Michael E. Kitces, MSFS, MTAX, CFP®, CLU, ChFC, RHU, REBC, CASL, Author at Think Outside the Tax Box

AUTHOR SPOTLIGHT

Michael E. Kitces, MSFS, MTAX, CFP®, CLU, ChFC, RHU, REBC, CASL

Michael Kitces is the Chief Financial Planning Nerd at Kitces.com, dedicated to advancing knowledge in financial planning and helping to make financial advisors better and more successful.

In addition, he is the Head of Planning Strategy at Buckingham Wealth Partners, the co-founder of the XY Planning Network, AdvicePay, New Planner Recruiting, fpPathfinder, and FA BeanCounters, the former Practitioner Editor of the Journal of Financial Planning, the host of the Financial Advisor Success podcast, and the publisher of the popular financial planning industry blog Nerd’s Eye View.

In 2010, Michael was recognized with one of the FPA’s “Heart of Financial Planning” awards for his dedication and work in advancing the profession.

READ MORE BY Michael E. Kitces, MSFS, MTAX, CFP®, CLU, ChFC, RHU, REBC, CASL

Interview with Michael Kitces

Video Interview with Michael Kitces: Opening the Back Door to the ROTH IRA

Back in the spring of 2021 Editor-in-Chief, Dominique Molina, sat down with Michael Kitces from Kitces.com to discuss creative ways to use the ROTH IRA when developing tax planning strategies. This exclusive video interview is jam-packed with a variety of recommendations and suggestions highlighting the flexibility you gain in your planning when including the ROTH IRA as a tool! Sit back, relax, and enjoy the show!

Read More

How to Do a Backdoor Roth IRA (Safely) and Avoid the IRA Aggregation Rule and Step Transaction Doctrine

The basic concept of the “backdoor Roth IRA contribution” is relatively straightforward. Contributing directly to a Roth IRA is restricted for higher-income individuals; once a married couple has an AGI in excess of $193,000 (or $131,000 for an individual), the maximum contribution limit to a Roth IRA reduces to zero. However, anyone with earned income can contribute to an IRA, regardless of how high their income is; at worst, higher income levels may limit the deductibility of that IRA contribution (for those who are an active participant in an employer retirement plan), but not the ability to make the IRA contribution.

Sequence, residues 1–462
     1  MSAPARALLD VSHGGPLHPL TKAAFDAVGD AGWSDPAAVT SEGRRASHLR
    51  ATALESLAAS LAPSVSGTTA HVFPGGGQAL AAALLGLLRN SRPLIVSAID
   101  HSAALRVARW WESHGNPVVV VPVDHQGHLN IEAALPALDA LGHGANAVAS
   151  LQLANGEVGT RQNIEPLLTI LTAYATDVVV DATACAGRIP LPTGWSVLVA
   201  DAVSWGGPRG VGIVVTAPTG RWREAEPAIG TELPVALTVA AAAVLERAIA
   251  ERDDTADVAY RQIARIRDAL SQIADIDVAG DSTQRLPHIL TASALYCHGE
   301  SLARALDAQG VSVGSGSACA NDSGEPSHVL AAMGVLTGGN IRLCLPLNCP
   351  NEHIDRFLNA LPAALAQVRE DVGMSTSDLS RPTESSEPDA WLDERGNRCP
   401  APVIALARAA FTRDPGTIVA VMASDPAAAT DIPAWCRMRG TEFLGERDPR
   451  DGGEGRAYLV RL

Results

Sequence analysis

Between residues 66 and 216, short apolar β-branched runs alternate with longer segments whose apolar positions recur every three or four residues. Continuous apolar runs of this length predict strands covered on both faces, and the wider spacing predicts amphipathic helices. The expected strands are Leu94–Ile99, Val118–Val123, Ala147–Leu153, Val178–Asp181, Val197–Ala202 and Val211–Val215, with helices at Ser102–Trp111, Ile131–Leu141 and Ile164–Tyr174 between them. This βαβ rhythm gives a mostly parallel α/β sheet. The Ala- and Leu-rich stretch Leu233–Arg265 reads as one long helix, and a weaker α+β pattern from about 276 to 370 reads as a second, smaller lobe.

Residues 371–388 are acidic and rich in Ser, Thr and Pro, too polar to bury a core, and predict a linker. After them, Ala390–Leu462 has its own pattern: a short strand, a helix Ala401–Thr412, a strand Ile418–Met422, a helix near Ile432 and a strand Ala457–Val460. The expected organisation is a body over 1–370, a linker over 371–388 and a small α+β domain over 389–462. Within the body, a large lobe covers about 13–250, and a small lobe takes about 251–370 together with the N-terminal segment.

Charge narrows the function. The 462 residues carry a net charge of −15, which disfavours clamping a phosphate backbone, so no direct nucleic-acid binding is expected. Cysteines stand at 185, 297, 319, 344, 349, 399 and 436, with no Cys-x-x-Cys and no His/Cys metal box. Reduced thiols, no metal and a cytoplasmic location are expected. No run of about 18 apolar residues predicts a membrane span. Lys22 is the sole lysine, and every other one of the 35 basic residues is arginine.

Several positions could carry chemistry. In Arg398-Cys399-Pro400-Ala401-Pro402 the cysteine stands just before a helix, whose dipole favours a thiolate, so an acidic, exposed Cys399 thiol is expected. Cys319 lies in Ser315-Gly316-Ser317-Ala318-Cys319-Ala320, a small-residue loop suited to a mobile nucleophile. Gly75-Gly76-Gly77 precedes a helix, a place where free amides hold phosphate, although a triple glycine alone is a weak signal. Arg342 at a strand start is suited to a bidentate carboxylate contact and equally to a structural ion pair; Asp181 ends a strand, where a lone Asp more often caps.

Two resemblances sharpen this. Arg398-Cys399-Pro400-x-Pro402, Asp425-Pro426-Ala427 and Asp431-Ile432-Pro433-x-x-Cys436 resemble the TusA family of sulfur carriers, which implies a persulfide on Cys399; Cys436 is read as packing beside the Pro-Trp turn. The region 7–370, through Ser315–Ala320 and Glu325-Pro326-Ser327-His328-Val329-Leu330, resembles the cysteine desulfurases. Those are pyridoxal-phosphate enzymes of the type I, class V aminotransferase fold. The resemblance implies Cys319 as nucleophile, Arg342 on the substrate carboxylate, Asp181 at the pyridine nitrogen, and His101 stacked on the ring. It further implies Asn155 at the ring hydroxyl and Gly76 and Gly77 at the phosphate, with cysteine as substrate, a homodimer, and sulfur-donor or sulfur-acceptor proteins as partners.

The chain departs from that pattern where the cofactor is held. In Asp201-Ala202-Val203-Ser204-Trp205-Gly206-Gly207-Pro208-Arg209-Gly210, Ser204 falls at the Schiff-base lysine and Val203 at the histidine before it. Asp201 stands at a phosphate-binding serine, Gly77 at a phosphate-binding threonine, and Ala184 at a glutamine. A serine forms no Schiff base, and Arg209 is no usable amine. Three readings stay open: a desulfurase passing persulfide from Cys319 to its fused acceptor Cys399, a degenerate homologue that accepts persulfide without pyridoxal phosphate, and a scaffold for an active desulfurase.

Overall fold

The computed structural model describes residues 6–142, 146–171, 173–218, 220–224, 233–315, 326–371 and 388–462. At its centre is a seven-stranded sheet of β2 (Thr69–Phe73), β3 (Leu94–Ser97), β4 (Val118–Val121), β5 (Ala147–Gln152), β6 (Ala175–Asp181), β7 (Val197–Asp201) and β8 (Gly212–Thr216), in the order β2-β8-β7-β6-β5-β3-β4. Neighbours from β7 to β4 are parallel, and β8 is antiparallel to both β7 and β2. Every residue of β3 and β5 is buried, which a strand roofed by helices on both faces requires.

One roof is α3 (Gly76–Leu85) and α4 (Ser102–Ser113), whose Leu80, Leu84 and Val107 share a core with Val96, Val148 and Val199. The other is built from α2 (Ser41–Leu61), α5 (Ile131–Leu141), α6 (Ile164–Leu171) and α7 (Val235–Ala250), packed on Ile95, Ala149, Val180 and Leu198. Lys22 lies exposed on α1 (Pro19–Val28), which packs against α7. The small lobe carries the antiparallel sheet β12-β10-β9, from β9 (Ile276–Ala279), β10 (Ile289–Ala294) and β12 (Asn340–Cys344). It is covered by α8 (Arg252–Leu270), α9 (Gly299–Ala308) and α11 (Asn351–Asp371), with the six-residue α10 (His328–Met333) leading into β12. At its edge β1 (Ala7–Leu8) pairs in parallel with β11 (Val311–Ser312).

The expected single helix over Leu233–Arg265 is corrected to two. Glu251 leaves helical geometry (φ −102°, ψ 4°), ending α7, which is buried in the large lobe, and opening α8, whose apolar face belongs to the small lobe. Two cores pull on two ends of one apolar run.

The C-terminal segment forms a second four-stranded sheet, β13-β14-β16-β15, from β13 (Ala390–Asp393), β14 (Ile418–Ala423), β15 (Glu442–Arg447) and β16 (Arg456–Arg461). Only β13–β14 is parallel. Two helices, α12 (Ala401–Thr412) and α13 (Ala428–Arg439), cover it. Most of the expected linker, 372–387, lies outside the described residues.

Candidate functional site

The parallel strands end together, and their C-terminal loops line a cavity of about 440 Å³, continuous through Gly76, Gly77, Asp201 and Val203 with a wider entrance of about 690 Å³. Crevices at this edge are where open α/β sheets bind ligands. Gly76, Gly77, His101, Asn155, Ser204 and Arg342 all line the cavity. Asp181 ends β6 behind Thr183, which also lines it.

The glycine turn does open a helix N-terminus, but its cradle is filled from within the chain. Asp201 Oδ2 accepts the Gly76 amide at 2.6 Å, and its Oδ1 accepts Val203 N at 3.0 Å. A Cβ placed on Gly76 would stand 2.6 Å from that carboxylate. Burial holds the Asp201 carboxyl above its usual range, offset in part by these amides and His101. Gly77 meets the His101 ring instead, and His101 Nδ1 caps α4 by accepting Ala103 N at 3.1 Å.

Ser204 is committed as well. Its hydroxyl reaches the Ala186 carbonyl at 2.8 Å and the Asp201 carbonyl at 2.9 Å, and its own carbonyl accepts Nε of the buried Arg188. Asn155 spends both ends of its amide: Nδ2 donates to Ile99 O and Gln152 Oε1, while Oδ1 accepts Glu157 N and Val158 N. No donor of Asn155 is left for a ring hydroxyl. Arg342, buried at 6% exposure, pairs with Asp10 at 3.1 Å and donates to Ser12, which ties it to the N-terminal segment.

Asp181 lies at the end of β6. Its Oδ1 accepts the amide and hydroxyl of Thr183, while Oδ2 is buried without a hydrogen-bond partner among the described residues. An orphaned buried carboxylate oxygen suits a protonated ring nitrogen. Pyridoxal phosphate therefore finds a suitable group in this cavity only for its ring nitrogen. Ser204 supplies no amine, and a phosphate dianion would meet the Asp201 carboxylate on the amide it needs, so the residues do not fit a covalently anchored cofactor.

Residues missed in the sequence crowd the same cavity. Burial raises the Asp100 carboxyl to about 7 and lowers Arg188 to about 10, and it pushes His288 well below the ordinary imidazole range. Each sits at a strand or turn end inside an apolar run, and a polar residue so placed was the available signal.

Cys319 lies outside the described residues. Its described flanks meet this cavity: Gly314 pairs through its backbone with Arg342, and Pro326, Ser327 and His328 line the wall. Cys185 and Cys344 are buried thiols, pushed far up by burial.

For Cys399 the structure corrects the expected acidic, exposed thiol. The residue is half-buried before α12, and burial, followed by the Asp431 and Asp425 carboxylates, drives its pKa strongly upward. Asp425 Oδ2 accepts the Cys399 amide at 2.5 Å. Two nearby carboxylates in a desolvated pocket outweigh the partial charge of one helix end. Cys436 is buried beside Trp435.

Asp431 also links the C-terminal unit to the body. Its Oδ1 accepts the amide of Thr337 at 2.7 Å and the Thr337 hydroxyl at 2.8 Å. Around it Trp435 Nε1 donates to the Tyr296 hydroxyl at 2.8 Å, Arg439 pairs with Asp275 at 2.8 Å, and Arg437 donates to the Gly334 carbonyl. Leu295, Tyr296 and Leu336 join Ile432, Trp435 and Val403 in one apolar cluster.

In addition, under the Tax Increase Prevention and Reconciliation Act of 2005 (TIPRA), there have been no income limits on Roth conversions of traditional IRAs since 2010. As a result, anyone who has funds in a traditional IRA, whether originally deductible or not, is eligible to do a Roth conversion. In other words, while income limits remain on Roth contributions, there are no income limits for a Roth conversion.

Read More

CURRENT EDITION

Make Tax Magic with a Health Savings Account

Congress created one of the best tax savings vehicles in 2003. It wasn’t the individual retirement account (IRA). It wasn’t the Roth IRA.It was the health savings account (HSA). The HSA is the only tax-preferred savings vehicle in which a taxpayer potentially gets both an upfront tax deduction in addition to tax-free and penalty-free distributions.

The IRS wrote the HSA rules to give taxpayers maximum flexibility in how they use their HSAs for medical expenses. Strategic use of the HSA can lead to lifelong tax savings opportunities.

Let’s review the basic rules as to how an HSA operates, the little-known rules that create tax savings opportunities, and examples of how the HSA can be used to provide tax-free and penalty-free distributions when the taxpayer has a cash need.

Enjoy Decades of Tax-Free Growth With a 529A

If you’re disabled or support someone who is, a 529A plan can be a powerful way to save for the future. Potential earnings grow tax-free, and you won’t have to pay taxes when you withdraw, as long as the withdrawals meet qualifications.

Also known as Qualified ABLE (Achieving a Better Life Experience) programs, these will not only assist you next time you are playing Tax Code Jeopardy but help you create a tax advantaged savings account.

One reason you may not hear much about these tax vehicles is that there really is no way I can discern that advisers can make money on them. But since you and I are members of the same club as tax practitioners, I’m confident you will tell your clients about things that can help regardless of whether there is any profit in it. As my first managing partner the late Herb Cohan used to say, “The world is longer than a day.”

To learn more about future tax-free money, keep reading.

Maximizing Your Home Office Deduction

Question: Can I avoid depreciation recapture by not claiming it before I sell?

Answer: Nice try. You may save yourself unnecessary worry and fear about so-called recapture, but it won’t save you any tax impact when you do sell. If you want to learn the truth about depreciation, keep reading to learn more.

  • NOT A MEMBER YET?

    SUBSCRIBE TO GET ALL OF OUR
    GREAT ARTICLES AND RESOURCES!

  • Avoiding Passive Loss Limitations Through Short-term and Alternative Rentals